With $30 million in grants to 60 local and national racial justice organizations, Kresge Foundation is seeking to harness the power of this year’s protests for legal, policy and economic change.
“It’s not for us to invent, but to encourage greater coherence and integration so it adds up to more than a year of protest in the streets,” Kresge’s Rip Rapson told ImpactAlpha.
Rapson ticked off the need for training, leadership development, communications savvy, research, policy and organizing. “All of the traditions of community mobilizing are moving into a different phase. The superstructure of public policy has to take account of these energies.”
The foundation, based in Troy, Mich., 20 miles from Detroit, allocated $23 million to local organizations, primarily in Detroit, Memphis, New Orleans and Fresno, Calif. In Detroit, the New Economy Initiative is expanding its work to micro-businesses. In New Orleans, Good Work Network will strengthen minority-owned firms and connect them with anchor institutions to drive revenues. In Fresno, the Council on American Islamic Relations, Jakara Movement and Hmong Innovating Politics will help the area’s diverse populations advocate for housing policy and policing reform.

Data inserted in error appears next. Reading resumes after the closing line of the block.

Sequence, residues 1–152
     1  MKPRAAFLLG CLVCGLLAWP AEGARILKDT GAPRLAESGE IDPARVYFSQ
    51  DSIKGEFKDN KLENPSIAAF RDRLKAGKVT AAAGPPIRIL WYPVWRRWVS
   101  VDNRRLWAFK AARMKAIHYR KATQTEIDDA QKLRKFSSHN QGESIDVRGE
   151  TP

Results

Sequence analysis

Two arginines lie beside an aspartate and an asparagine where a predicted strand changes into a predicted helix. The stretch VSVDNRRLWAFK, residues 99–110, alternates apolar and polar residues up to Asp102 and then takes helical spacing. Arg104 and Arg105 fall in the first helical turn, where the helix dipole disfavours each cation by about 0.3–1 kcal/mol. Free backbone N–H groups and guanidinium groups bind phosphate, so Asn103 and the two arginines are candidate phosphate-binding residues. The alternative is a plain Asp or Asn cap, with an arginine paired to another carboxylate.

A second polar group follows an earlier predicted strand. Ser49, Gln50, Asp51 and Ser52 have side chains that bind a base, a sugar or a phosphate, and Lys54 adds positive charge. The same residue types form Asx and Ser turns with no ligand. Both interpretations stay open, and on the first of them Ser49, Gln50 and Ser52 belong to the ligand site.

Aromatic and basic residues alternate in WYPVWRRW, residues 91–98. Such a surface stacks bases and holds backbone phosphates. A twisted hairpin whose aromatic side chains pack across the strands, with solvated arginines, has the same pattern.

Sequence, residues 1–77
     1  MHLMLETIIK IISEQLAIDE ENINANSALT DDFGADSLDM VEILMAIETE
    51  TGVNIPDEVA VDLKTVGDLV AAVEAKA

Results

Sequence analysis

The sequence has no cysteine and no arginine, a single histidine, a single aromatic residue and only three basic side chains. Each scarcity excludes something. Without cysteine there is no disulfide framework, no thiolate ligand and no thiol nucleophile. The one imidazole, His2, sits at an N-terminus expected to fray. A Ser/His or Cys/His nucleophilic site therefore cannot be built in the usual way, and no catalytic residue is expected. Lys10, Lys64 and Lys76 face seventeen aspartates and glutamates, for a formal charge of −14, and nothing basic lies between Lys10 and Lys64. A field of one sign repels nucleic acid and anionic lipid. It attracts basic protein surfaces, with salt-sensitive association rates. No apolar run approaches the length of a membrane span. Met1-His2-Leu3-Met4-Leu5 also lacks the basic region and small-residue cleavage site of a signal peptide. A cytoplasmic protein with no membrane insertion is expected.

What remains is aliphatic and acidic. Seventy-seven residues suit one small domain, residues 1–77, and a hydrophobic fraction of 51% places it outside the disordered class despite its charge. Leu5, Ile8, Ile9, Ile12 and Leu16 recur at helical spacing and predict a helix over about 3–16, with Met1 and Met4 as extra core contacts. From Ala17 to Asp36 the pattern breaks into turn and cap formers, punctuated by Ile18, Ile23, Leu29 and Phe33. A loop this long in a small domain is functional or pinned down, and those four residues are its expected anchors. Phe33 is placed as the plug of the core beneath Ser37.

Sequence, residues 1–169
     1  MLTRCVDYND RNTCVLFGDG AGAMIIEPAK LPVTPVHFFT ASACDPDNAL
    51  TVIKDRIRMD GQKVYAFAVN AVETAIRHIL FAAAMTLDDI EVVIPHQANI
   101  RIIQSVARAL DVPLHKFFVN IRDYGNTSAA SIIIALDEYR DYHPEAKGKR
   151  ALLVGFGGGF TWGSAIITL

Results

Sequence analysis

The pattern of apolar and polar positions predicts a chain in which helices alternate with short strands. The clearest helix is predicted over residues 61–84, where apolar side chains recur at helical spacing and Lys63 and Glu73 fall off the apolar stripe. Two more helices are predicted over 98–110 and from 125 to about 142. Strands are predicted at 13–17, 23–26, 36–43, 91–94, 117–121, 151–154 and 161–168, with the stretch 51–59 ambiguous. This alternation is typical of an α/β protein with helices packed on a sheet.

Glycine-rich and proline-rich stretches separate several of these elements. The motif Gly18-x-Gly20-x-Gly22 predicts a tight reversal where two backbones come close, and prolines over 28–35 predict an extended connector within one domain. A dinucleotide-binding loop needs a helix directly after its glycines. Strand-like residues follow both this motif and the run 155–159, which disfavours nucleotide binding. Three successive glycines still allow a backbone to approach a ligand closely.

Kresge granted another $7 million is going to national organizations, including Movement for Black Lives and the Black-Led Movement Fund, which provide financing and support to local racial justice organizations. The latter organization led Kresge to fund the Black Trans Fund, which the foundation called “the first such grant Kresge has made in its nearly 100-year history.”
Health, education and human rights
Separately, the William and Flora Hewlett Foundation made $15 million in grants to racial justice nonprofits, including Common Future (read about Agent of Impact Rodney Foxworth), Data 4 Black Lives and Souls Grown Deep (see, “Souls Grown Deep Foundation to invest $1 million in artists’ hometowns in the US south”).